A few hours ago, I watched Tony Blair announce that he'll be ending his decade as Prime Minister on June 27. (Or "27 June," as we like to call it here.)
Pundits seem to be zeroing in on the part of his speech dealing with the invasion of Iraq, but for me, the most striking moment was when he said six simple words: "This is the greatest nation on earth."
In an American political speech, such a declaration is pretty much mandatory. Somewhere in the US, there may be an elected official who has never declared that America is the greatest country on the planet, but I doubt it.
In England, though, it's much rarer. We Americans are comfortable selling ourselves, individually and collectively. But the trappings of patriotism that Americans love--giant flags, country-wide celebrations of national pride, boasts about our nation's greatness--seem to make the English a trifle embarrassed.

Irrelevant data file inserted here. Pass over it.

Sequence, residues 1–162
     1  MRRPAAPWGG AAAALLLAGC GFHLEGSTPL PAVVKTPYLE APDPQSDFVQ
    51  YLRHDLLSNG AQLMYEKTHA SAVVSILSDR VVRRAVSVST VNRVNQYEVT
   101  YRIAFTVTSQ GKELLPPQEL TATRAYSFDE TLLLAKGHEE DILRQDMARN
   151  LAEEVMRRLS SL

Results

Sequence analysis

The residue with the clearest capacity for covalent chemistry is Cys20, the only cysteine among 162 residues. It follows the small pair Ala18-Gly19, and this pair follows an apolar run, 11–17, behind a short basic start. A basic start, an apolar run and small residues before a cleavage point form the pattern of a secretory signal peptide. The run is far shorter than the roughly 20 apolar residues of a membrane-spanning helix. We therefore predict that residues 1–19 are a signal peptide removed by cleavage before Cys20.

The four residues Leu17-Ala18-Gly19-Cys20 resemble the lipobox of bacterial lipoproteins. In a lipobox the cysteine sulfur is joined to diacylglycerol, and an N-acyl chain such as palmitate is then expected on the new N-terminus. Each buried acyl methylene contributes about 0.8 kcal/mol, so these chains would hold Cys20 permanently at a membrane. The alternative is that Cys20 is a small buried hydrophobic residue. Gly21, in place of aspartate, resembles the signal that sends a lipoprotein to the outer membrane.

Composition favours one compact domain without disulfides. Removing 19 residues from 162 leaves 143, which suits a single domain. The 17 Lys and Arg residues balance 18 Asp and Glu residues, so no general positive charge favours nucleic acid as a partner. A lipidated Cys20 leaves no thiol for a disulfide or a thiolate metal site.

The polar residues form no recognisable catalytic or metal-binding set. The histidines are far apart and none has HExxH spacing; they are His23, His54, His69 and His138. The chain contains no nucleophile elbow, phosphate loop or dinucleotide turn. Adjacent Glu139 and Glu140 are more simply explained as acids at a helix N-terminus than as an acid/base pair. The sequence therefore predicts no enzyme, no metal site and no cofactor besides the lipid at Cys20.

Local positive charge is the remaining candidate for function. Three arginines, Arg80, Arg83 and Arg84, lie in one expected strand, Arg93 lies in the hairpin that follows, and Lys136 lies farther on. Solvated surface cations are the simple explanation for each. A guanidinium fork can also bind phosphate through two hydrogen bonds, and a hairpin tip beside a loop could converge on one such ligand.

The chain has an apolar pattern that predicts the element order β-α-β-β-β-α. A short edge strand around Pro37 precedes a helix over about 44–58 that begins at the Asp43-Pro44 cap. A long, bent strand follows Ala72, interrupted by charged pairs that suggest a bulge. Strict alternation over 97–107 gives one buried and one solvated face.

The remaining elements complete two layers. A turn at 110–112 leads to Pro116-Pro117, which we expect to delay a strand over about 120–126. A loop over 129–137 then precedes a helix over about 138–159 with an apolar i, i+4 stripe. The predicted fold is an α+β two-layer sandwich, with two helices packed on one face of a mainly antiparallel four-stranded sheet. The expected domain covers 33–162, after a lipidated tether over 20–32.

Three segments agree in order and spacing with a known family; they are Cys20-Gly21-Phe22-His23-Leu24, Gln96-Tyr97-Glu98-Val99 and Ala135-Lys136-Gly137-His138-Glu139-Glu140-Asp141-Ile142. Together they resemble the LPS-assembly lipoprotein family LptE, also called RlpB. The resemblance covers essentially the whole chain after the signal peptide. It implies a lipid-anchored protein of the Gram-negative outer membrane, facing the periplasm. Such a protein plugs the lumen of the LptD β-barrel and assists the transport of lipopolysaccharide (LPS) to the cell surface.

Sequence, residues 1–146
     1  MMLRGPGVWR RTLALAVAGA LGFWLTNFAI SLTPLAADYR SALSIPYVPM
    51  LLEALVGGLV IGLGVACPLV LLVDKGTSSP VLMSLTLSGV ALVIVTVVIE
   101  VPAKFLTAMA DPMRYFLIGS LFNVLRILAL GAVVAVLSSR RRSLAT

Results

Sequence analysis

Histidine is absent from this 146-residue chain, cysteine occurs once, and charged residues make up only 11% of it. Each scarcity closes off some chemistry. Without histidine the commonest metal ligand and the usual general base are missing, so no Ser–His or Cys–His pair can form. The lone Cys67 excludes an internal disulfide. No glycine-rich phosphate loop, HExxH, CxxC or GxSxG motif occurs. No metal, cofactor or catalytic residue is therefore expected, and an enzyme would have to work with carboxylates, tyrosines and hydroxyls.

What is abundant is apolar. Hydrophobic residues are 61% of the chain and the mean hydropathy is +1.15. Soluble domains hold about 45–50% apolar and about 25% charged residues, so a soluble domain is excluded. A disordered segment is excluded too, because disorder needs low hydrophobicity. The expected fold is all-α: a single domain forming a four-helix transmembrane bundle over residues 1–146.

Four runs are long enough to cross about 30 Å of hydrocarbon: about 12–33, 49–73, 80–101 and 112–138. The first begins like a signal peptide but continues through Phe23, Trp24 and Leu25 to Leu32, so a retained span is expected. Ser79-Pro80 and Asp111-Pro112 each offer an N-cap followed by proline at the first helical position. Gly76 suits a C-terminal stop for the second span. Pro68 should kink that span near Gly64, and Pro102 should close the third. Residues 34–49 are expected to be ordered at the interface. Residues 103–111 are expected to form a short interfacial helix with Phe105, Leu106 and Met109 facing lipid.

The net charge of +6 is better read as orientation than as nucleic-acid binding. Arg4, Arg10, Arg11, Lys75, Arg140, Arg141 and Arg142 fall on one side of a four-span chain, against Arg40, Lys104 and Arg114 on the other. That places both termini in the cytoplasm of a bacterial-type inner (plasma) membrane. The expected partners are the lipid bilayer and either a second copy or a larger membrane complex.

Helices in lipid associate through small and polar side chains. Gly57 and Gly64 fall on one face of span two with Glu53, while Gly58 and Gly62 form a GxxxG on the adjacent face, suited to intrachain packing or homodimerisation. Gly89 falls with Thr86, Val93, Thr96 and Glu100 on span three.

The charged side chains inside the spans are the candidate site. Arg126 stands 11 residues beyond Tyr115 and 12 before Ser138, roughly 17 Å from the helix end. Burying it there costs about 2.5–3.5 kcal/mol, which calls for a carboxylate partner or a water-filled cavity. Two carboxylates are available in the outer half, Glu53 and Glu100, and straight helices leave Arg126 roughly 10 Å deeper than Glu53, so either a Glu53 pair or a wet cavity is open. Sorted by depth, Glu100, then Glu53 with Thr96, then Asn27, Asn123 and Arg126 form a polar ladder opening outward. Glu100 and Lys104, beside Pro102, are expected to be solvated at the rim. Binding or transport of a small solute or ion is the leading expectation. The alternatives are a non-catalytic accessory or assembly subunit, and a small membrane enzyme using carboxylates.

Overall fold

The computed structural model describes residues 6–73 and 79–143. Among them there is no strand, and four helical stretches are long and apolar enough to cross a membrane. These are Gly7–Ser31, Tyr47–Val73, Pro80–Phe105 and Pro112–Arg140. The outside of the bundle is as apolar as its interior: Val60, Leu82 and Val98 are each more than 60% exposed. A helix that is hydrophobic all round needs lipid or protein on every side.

After a bit of Googling, I've been able to turn up just one instance of a modern British politician using the phrase: in 2002, Tory leader Ian Duncan Smith told his party conference, "For me, this is the greatest country on earth." And note the first two words of the quote, which qualify it as a subject personal preference, not an indisputable scientific fact.
If you read Blair's quote, you'll notice no such hedging. However, if you hear it, or watch the video, you'll notice a slightly defensive tone in the way he says it.